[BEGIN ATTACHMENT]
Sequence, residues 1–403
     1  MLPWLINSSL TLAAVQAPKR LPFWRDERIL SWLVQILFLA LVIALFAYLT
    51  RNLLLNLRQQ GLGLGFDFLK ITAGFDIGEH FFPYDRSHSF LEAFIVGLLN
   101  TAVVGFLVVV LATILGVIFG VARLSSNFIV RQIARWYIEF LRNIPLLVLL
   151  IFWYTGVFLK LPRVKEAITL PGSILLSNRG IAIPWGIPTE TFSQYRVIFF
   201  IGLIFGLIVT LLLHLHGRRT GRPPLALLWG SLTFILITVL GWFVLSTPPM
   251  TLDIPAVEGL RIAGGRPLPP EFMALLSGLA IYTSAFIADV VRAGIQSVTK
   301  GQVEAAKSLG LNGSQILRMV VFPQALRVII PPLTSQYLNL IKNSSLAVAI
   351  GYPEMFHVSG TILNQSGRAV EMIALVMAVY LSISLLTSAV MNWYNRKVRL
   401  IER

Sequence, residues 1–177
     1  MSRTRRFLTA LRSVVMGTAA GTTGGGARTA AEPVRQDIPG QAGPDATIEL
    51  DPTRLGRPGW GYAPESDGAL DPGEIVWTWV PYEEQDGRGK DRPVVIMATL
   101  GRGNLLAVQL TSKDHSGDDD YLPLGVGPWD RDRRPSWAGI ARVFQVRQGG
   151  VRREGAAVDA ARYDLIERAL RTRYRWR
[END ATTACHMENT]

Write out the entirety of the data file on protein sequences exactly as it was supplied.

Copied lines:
Sequence, residues 1–403
     1  MLPWLINSSL TLAAVQAPKR LPFWRDERIL SWLVQILFLA LVIALFAYLT
    51  RNLLLNLRQQ GLGLGFDFLK ITAGFDIGEH FFPYDRSHSF LEAFIVGLLN
   101  TAVVGFLVVV LATILGVIFG VARLSSNFIV RQIARWYIEF LRNIPLLVLL
   151  IFWYTGVFLK LPRVKEAITL PGSILLSNRG IAIPWGIPTE TFSQYRVIFF
   201  IGLIFGLIVT LLLHLHGRRT GRPPLALLWG SLTFILITVL GWFVLSTPPM
   251  TLDIPAVEGL RIAGGRPLPP EFMALLSGLA IYTSAFIADV VRAGIQSVTK
   301  GQVEAAKSLG LNGSQILRMV VFPQALRVII PPLTSQYLNL IKNSSLAVAI
   351  GYPEMFHVSG TILNQSGRAV EMIALVMAVY LSISLLTSAV MNWYNRKVRL
   401  IER

Sequence, residues 1–177
     1  MSRTRRFLTA LRSVVMGTAA GTTGGGARTA AEPVRQDIPG QAGPDATIEL
    51  DPTRLGRPGW GYAPESDGAL DPGEIVWTWV PYEEQDGRGK DRPVVIMATL
   101  GRGNLLAVQL TSKDHSGDDD YLPLGVGPWD RDRRPSWAGI ARVFQVRQGG
   151  VRREGAAVDA ARYDLIERAL RTRYRWR